nytheatre.com review by Martin Denton
May 15, 2009
American Hwangap, a new play by Lloyd Suh co-presented by Ma-Yi Theater Company and The Play Company, is about Min Suk Chun, a Korean who emigrated to America several decades ago and then, success eluding him, returned to his homeland and apparent ignominy. Now he is coming back to Texas, and his estranged family, to celebrate with them his "Hwangap," or 60th birthday.
Min Suk is a charming old rogue, but his absence has untethered his family in different ways. His wife, Mary, has reinvented herself, and now has a good job and security though she's obviously lonely. Their eldest child, David, has run off to an unfulfilling life as an investment banker in New York City. The middle child, Esther, has had bad luck with marriage and is prematurely embittered. The youngest, a sometime prodigy named Ralph, had some kind of breakdown and now lives in his mother's basement writing brilliant science fiction poetry. Ralph expects a miracle to accompany his father's return to their lives. The others are not so sure; David hasn't even come back home from New York yet.
Suh's play is entertaining and, in places, touching; the writing and the characterizations throughout are vivid and exciting. But the only relationship that really catches fire in the play is the one between Ralph and his (mostly) absent father. Ralph is the first person we meet in American Hwangap and, in the lovable person of Peter Kim, we take to him immediately. Though the exact nature of his mental condition is never made explicit, we empathize with this obviously broken young man, and hope against hope with him that somehow Min Suk's reappearance in his life will mend him (though we're certain it won't).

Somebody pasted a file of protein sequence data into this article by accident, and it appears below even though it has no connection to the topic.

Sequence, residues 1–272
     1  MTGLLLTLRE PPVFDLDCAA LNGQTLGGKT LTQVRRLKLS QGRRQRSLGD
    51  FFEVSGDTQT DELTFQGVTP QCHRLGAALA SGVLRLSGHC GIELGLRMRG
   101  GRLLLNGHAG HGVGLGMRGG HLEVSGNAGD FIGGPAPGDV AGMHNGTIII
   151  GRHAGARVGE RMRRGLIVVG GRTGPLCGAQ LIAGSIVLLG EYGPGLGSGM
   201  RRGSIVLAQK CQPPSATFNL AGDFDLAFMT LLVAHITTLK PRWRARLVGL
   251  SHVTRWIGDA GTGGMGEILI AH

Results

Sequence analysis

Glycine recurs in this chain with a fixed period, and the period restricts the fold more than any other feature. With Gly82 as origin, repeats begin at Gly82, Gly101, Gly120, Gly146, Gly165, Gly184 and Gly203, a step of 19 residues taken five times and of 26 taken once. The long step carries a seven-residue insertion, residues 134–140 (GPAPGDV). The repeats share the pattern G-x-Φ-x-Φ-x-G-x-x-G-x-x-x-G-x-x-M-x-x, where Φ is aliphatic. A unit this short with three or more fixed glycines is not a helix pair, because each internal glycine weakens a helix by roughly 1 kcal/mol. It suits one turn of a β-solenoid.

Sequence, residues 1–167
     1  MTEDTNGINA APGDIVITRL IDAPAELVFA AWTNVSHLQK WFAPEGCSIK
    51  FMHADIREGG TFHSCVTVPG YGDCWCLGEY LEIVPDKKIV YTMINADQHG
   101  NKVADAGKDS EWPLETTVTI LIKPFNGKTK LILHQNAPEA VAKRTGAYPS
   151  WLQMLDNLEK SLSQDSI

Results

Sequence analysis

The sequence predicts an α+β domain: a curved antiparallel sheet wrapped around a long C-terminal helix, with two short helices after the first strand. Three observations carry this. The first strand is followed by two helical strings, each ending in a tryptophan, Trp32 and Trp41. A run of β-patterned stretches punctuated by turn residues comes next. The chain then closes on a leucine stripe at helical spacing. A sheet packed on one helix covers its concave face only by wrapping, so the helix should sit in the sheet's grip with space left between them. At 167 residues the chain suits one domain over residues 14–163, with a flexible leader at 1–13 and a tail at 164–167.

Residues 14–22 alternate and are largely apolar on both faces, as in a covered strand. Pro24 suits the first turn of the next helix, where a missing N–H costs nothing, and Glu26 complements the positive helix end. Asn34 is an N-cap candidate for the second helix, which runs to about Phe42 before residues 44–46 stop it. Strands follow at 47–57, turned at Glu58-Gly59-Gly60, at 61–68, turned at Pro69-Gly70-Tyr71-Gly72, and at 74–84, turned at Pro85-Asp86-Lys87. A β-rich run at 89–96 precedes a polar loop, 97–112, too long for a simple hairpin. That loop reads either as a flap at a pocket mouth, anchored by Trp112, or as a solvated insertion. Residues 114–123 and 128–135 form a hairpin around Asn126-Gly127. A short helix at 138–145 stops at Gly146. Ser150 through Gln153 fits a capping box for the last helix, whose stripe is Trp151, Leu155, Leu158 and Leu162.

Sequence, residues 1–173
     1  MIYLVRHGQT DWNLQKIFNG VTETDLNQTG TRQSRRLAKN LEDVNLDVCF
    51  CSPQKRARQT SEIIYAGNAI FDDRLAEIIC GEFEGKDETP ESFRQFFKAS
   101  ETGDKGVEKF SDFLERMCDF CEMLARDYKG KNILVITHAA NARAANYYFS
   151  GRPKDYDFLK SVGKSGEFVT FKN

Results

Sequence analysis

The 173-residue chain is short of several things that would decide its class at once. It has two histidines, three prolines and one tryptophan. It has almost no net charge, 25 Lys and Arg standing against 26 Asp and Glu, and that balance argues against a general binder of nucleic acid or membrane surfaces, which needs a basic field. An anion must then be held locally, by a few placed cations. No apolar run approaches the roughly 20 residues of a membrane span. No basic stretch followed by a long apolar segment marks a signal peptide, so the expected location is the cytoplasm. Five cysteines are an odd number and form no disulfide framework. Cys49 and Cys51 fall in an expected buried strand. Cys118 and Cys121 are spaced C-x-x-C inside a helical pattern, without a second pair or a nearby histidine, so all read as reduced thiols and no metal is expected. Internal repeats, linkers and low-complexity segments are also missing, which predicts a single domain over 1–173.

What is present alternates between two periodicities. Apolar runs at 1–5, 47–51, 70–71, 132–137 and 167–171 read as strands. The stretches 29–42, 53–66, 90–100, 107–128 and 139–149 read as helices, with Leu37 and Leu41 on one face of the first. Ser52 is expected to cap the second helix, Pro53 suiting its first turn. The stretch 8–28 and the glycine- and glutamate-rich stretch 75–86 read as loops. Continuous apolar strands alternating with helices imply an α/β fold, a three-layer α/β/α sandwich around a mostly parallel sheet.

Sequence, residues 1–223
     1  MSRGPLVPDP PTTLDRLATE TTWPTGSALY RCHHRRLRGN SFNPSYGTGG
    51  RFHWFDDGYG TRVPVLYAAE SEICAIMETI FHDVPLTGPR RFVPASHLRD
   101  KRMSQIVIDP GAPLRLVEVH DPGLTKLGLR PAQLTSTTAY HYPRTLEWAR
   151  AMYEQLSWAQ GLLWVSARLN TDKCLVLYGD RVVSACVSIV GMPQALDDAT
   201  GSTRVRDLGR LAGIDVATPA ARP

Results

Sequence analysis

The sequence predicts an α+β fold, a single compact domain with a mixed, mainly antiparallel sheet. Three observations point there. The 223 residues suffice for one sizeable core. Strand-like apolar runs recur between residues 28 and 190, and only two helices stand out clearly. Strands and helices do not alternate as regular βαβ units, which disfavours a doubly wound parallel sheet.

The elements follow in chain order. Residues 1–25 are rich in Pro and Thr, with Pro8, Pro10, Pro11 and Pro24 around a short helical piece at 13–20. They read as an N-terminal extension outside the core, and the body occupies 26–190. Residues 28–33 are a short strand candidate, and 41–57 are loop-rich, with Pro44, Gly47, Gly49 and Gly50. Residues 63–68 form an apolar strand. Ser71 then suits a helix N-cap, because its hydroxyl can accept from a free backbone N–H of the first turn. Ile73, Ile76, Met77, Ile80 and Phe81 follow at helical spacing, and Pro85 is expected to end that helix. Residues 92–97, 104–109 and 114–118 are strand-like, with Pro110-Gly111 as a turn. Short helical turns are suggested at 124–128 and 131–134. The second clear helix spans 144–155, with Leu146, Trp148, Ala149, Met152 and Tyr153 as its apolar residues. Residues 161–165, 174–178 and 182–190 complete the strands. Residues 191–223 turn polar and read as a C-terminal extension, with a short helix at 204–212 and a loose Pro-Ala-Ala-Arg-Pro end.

The other Chun family members are less robustly sketched out, and even though Mia Katigbak (Mary), Hoon Lee (David), and Michi Barall (Esther) make them sympathetic and interesting, we just don't have enough information about them to really root for them vis-a-vis the renegade husband/father. It felt to me as though somewhere in the development process of American Hwangap Suh got talked into spreading focus among all of the family members instead of concentrating it where the play seemed to naturally want it, on Ralph and his Dad.
James Saito, as the incorrigible Min Suk, is a lively and fun central presence in the play. Trip Cullman's staging, with an ingenious minimalist set by Erik Flatmo, is brisk and hits the emotional beats but overall American Hwangap left me wanting much more of its central relationship. Ralph and Min Suk are a pair of characters I would love to see revisited in a play that was all their own.